I was a fan of Jimmy Eat World early on. I saw them play in a really small club. I think they have mostly moved on past the Static Prevails record. How do you view your early catalog? Is that stuff that you’re willing to explore and play out or have you moved past the earliest stuff you’ve done?

I’ve been back and forth with it. I remember an old booking agent saying something like he was chatting with a guy in a band and they were like saying that he couldn’t believe that the most popular song he had written when he was 18, like 20 years ago. And the booking agent looked at me and said, “Do you know that feeling?” At that moment, I was like, “Oh, fuck. Yeah.” “Quiet Little Voices” from that first album might be the biggest it gets for us. There is a little bit of that when you’re at shows and people only want to hear that song. It’s like, “Come on, we have a bunch of other stuff.” But, if I’m being completely honest, by this time now I’m just fucking so grateful that anyone gives a shit. I’m like, “Yeah! Fucking ‘Quiet Little Voices’, here we go! I can’t believe you like that song.” And getting to see how much that makes a room buzz. I love it when our merch guy, Steve, will be like, “I think 5 people left immediately after you finished playing that song.” I think that shit when I was younger would have annoyed me but now I’m like, “Fucking good for them. They saw the song they wanted when they bought a ticket. Everyone’s had a good time. What’s the problem?”

I saw you at the Columbus Arts Festival this summer and I saw the reaction from the crowd when you played that song. I was standing up front, I can’t judge how many people were behind me, but it felt like a stadium-rock moment where everybody was singing along.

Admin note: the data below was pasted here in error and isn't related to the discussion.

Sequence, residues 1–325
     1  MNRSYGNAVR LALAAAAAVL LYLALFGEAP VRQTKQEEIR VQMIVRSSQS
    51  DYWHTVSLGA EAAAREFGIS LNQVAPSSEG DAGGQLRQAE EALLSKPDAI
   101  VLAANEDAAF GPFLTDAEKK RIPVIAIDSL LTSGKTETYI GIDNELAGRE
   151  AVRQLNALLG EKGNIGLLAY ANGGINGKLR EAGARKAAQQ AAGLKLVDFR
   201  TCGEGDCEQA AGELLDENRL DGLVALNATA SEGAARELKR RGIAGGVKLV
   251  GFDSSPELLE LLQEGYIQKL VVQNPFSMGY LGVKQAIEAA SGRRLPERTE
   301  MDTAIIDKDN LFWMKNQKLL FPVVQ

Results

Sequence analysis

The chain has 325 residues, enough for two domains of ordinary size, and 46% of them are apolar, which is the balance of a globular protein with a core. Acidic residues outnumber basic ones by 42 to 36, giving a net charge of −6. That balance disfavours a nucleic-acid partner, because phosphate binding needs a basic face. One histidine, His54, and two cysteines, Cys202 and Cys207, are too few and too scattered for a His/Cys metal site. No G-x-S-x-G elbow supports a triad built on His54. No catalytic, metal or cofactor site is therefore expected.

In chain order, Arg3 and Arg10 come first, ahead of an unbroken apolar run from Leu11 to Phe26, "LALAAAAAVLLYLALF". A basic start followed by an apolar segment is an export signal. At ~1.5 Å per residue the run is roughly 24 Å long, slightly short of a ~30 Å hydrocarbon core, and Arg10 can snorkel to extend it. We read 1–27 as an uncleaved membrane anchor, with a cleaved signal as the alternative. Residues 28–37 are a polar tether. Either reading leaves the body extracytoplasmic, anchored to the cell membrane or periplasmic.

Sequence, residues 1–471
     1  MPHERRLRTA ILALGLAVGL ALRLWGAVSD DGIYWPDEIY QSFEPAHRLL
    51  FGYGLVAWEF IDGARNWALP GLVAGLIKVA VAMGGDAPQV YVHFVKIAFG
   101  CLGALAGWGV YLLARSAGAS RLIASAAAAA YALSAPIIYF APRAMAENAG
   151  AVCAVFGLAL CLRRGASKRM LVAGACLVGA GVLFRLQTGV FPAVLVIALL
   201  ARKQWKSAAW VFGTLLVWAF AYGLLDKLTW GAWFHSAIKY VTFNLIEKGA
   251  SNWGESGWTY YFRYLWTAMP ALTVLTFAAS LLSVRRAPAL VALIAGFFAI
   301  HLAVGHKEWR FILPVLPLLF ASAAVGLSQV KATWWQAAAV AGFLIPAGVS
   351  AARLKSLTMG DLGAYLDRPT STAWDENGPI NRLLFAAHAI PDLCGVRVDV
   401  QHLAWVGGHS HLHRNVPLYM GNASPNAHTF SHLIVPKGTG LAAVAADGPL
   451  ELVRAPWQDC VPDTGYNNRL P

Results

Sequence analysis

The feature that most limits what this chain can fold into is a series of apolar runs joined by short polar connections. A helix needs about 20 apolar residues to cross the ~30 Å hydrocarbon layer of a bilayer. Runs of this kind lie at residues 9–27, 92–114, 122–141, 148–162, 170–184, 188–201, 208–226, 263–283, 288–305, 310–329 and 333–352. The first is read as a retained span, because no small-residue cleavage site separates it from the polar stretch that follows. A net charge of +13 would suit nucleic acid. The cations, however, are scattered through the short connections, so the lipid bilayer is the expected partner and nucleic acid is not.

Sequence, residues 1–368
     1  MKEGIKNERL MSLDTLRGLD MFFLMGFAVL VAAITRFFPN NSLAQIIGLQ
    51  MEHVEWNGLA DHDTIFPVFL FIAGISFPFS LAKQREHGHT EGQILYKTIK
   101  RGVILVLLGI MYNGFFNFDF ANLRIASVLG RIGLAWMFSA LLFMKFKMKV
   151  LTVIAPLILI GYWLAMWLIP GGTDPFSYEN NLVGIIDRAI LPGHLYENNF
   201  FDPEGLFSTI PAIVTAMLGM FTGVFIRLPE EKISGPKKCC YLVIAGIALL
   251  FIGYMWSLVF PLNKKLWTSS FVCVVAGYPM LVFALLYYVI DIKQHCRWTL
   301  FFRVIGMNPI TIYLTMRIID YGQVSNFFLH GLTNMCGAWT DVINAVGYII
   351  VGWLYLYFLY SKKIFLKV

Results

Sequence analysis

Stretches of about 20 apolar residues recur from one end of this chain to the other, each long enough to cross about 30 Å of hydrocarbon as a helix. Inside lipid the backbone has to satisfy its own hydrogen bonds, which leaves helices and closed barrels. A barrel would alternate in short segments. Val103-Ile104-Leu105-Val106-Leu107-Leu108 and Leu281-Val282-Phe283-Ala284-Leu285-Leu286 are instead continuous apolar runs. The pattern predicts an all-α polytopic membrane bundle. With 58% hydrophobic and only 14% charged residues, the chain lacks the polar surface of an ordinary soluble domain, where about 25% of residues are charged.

That’s what you’ve got to do. That’s how we play every show. It doesn’t matter if there’s a hundred people or you’re supporting someone at a place in front of 10,000 people. You just have to rock out. I’m definitely appreciating the fact that we can do that for people. It makes us enjoy it so much more as well. I think I used to be a lot more closed off and serious about it. Now, I just want to try and entertain people. I want people to have a great night and it helps me have a great night instead of me coming off and being like, “Oh, I played shit in that song” or “That fucking verse was off.”

I remember you saying something like, “Thanks the applause but if you don’t like it, just make sure that if you’re standing back by my in-laws, pretend like you liked it.” I didn’t know until that moment that your wife was from Columbus.

Yeah. She’s from Groveport, just south of Columbus. But her sister is there and her dad and step-mom and mom and step-dad live there. I’ve spent lots of time in Columbus, the last few Christmases and a bunch of other times. We go there quite a lot. And, funnily enough, I’ve got one brother and he married a girl from Dayton, Ohio.

I really enjoyed the Arts Festival. My wife’s sister’s fiancé, Sean, is part of the festival team. It was really nice getting to see his work and see what goes into this big festival and getting to play it. It was a really nice day. I got to see loads of family and my wife’s parents got to see me play for the first time.